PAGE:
Other experts said supervisors on the ship needed to enforce strict hygiene policies, including frequent hand-washing. Both passengers and crew members should also be "keeping distance from others and avoiding congregating", said Dr Peter Rabinowitz, who is co-director of the University of Washington MetaCenter for Pandemic Preparedness and Global Health Security.
Crew members, who spoke on the condition of anonymity for fear of losing their jobs, said they had been provided with masks, gloves and hand sanitiser, but given little training on how to reduce their chances of infection in a situation of this magnitude.
Like passengers, they have been given thermometers and told to monitor their own temperatures and report back if they develop a fever. They have received no new guidance since the quarantine began a week ago, according to one employee.
Passengers said they were grateful to the crew but also worried that the employees, even though they are wearing protective gear when they enter cabins, might be passing the infection to people isolated inside.
On Monday, passengers were given new masks designed to filter out 95 per cent of airborne particles, as well as packages of alcohol wipes. The Centres for Disease Control and Prevention in Atlanta, United States, also sent a letter to passengers advising them to wear face masks if they shared cabins with other passengers and to avoid sharing personal household items.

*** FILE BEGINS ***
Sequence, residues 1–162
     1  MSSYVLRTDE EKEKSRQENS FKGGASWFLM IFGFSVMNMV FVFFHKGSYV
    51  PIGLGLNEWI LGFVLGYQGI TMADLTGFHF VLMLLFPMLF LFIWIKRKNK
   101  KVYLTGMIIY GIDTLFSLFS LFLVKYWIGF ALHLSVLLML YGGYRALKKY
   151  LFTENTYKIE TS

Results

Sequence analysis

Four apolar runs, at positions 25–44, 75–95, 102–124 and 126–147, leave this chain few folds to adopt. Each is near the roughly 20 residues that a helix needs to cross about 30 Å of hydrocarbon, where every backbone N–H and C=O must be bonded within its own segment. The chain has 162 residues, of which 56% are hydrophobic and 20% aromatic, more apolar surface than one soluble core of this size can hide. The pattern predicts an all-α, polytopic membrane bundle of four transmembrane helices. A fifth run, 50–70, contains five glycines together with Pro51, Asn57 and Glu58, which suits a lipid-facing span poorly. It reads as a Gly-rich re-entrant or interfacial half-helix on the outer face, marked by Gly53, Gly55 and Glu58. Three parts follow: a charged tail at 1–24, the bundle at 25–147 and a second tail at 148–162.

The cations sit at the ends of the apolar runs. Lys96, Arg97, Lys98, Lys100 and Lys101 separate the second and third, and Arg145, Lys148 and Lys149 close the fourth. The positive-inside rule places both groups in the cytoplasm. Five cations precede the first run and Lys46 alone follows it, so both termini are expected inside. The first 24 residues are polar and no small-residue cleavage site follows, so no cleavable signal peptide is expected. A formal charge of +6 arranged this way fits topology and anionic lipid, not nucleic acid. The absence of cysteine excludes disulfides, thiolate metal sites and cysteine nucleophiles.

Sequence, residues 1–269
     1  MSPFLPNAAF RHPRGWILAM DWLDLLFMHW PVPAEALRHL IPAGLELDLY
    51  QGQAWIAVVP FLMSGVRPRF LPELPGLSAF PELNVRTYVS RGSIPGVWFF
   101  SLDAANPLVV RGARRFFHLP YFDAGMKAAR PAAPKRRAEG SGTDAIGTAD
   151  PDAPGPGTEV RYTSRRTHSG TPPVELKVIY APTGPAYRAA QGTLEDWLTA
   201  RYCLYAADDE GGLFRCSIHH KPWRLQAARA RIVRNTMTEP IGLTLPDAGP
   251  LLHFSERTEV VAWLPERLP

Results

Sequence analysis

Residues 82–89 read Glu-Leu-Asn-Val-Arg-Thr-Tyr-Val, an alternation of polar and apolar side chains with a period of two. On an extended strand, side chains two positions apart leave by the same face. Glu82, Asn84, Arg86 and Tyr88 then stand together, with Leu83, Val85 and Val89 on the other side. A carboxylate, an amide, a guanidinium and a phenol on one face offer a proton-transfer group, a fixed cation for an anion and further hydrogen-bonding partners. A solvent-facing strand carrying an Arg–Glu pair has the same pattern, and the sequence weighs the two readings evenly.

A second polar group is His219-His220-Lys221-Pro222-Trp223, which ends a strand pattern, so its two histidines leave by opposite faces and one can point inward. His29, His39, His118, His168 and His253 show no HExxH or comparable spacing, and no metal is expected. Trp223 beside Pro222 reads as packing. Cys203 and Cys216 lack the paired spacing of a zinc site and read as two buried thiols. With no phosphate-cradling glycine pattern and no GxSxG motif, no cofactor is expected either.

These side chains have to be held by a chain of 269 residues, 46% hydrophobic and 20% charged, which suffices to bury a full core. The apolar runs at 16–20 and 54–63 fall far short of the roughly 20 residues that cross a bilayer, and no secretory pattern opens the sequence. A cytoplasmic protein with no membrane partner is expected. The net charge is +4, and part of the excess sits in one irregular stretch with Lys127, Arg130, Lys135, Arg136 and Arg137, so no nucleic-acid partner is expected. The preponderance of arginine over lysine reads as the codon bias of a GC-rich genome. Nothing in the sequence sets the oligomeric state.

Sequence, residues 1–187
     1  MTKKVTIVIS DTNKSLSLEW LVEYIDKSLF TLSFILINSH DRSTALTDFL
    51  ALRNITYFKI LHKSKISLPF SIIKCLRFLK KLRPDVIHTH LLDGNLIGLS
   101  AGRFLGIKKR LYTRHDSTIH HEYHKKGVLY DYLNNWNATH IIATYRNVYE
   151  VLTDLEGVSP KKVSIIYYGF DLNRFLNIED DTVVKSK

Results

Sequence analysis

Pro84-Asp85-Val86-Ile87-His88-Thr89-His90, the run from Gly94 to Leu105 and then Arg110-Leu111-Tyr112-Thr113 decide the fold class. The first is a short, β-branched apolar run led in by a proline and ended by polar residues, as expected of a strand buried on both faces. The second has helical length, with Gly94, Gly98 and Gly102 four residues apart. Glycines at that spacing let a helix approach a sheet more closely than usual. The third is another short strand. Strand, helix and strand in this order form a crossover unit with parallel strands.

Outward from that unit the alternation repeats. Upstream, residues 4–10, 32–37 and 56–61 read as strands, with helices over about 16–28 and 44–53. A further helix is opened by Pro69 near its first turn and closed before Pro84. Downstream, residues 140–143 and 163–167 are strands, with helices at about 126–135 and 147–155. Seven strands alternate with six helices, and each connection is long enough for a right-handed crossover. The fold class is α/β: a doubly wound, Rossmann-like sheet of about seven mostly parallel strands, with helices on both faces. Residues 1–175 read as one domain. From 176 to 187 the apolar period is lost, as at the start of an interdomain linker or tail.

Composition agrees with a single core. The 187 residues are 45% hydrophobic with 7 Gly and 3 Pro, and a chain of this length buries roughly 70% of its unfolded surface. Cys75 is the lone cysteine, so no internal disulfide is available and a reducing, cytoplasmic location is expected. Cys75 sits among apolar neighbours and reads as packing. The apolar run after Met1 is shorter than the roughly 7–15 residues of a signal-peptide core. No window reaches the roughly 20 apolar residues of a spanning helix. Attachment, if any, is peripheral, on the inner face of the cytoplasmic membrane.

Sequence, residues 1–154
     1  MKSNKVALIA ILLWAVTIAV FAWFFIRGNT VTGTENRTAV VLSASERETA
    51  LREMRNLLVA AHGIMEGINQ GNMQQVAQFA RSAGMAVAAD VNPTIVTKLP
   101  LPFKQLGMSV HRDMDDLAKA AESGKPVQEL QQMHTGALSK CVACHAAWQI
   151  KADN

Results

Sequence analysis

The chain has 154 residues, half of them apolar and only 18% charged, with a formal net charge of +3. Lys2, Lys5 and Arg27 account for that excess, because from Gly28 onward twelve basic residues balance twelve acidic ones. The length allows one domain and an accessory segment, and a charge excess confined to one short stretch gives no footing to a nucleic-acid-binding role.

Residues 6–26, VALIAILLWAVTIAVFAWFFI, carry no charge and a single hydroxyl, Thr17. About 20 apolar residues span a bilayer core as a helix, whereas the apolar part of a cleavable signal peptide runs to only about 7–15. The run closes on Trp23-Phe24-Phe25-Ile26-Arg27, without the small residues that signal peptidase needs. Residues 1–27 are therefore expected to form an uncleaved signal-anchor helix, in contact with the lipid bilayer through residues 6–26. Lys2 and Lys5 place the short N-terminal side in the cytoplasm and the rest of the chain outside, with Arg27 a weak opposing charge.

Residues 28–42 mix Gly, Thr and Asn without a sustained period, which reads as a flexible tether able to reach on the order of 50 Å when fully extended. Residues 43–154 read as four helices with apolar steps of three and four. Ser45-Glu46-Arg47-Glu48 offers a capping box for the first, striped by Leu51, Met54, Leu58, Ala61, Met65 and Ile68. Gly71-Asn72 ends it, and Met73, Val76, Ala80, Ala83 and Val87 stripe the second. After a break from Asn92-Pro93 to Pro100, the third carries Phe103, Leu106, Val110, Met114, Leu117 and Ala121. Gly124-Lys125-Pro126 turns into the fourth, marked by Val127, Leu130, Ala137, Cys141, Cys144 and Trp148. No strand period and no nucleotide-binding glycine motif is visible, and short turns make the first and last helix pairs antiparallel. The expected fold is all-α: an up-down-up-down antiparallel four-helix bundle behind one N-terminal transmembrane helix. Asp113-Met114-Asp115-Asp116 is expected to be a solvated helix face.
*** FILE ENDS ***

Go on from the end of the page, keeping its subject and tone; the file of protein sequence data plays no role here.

Japan's health ministry said on Monday that so far it had tested 439 people on the ship for the coronavirus. That leaves more than 3,000 who have not been tested, receiving only initial health checks.
Japanese officials have said they do not have the capacity to test everyone on the ship. But on Sunday, Health Minister Katsunobu Kato said his ministry needed to consider whether it could do so.
In Hong Kong, where another cruise ship, the World Dream, has been held at port, about 1,800 crew members aboard were tested for the coronavirus after the authorities said that infected passengers had disembarked on Jan 24 in Guangzhou province, China.
When the ship arrived in Hong Kong last Wednesday on a subsequent journey, health authorities first tested those who had fevers or showed symptoms of the virus. All of those initial tests came back negative, but out of an abundance of caution, Hong Kong health authorities decided to test all crew members.
The Yokohama cruise ship terminal where the Diamond Princess is docked has been closed to the public. On Monday, a sort of war room had been set up where around a dozen people sat at computers and on phones.
Some of them wore jackets that identified them as members of a psychological support team. The room's walls were plastered with long strips of butcher paper, where information about the patients and a timeline had been scribbled in thick black marker.
At the port, the daughter of a passenger tried to deliver food and water to her elderly mother, who she said had a fever and was having trouble getting attention from the medical staff.
"She feels sick. I hope she can disembark soon," Ms Etsuko Takashima said through tears as she spoke about her mother, Madam Ayako Jinnai, 84. "At least, I hope she can get a drip infusion in the medical room on the ship. I don't think her current condition is known to the staff."